Rapid optimization of drug combinations for the optimal angiostatic treatment of cancer.

Détails

Ressource 1Télécharger: 10456_2015_Article_9462.pdf (1686.34 [Ko])
Etat: Public
Version: Final published version
ID Serval
serval:BIB_0F969B733169
Type
Article: article d'un périodique ou d'un magazine.
Collection
Publications
Institution
Titre
Rapid optimization of drug combinations for the optimal angiostatic treatment of cancer.
Périodique
Angiogenesis
Auteur(s)
Weiss A., Ding X., van Beijnum J.R., Wong I., Wong T.J., Berndsen R.H., Dormond O., Dallinga M., Shen L., Schlingemann R.O., Pili R., Ho C.M., Dyson P.J., van den Bergh H., Griffioen A.W., Nowak-Sliwinska P.
ISSN
1573-7209 (Electronic)
ISSN-L
0969-6970
Statut éditorial
Publié
Date de publication
2015
Peer-reviewed
Oui
Volume
18
Numéro
3
Pages
233-244
Langue
anglais
Notes
pdf: original paper
Résumé
Drug combinations can improve angiostatic cancer treatment efficacy and enable the reduction of side effects and drug resistance. Combining drugs is non-trivial due to the high number of possibilities. We applied a feedback system control (FSC) technique with a population-based stochastic search algorithm to navigate through the large parametric space of nine angiostatic drugs at four concentrations to identify optimal low-dose drug combinations. This implied an iterative approach of in vitro testing of endothelial cell viability and algorithm-based analysis. The optimal synergistic drug combination, containing erlotinib, BEZ-235 and RAPTA-C, was reached in a small number of iterations. Final drug combinations showed enhanced endothelial cell specificity and synergistically inhibited proliferation (p < 0.001), but not migration of endothelial cells, and forced enhanced numbers of endothelial cells to undergo apoptosis (p < 0.01). Successful translation of this drug combination was achieved in two preclinical in vivo tumor models. Tumor growth was inhibited synergistically and significantly (p < 0.05 and p < 0.01, respectively) using reduced drug doses as compared to optimal single-drug concentrations. At the applied conditions, single-drug monotherapies had no or negligible activity in these models. We suggest that FSC can be used for rapid identification of effective, reduced dose, multi-drug combinations for the treatment of cancer and other diseases.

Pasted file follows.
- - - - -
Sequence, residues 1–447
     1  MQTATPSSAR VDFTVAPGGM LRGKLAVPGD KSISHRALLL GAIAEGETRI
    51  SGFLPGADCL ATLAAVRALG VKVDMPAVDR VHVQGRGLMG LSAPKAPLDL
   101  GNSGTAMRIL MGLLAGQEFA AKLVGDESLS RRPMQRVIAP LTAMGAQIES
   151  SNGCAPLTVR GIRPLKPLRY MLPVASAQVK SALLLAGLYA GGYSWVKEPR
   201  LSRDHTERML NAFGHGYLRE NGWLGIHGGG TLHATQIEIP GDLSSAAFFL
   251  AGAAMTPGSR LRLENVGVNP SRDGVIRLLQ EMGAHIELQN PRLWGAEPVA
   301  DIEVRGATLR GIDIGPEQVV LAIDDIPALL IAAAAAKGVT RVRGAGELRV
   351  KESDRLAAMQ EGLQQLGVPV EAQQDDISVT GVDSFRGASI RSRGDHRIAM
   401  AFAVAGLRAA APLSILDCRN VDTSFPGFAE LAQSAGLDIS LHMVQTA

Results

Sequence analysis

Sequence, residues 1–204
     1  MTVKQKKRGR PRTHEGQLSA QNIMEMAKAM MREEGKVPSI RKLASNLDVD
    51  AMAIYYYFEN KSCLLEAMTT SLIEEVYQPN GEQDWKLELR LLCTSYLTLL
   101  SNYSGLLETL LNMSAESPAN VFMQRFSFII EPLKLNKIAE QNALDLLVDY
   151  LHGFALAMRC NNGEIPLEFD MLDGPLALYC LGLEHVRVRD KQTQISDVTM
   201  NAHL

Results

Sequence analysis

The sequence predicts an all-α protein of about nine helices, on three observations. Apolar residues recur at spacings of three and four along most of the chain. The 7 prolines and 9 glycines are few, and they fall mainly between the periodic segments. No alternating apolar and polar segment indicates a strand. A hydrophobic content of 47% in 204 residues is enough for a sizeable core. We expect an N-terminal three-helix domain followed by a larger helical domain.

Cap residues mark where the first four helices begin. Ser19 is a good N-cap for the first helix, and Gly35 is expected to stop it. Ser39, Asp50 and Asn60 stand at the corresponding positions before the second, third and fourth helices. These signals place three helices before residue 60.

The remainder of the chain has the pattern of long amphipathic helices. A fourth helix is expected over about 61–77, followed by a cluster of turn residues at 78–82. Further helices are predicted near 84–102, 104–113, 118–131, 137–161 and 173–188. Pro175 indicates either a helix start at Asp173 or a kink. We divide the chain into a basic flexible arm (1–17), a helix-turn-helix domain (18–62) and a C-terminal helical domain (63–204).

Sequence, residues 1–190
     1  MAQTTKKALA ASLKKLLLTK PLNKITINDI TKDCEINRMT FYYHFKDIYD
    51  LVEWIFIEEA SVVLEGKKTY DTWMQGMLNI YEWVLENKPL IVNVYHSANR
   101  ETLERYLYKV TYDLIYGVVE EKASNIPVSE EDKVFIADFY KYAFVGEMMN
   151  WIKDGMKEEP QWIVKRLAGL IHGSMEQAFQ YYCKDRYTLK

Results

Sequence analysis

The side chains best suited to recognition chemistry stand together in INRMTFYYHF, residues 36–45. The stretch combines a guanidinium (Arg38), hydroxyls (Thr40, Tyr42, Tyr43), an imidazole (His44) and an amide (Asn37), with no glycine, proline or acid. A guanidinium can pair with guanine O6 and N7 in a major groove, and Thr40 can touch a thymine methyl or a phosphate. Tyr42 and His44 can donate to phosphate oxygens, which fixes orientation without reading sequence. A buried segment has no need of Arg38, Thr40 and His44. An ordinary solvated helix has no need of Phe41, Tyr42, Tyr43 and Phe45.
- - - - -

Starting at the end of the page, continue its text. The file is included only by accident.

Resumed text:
Pubmed
Web of science
Open Access
Oui
Création de la notice
13/07/2015 11:38
Dernière modification de la notice
20/08/2019 13:36
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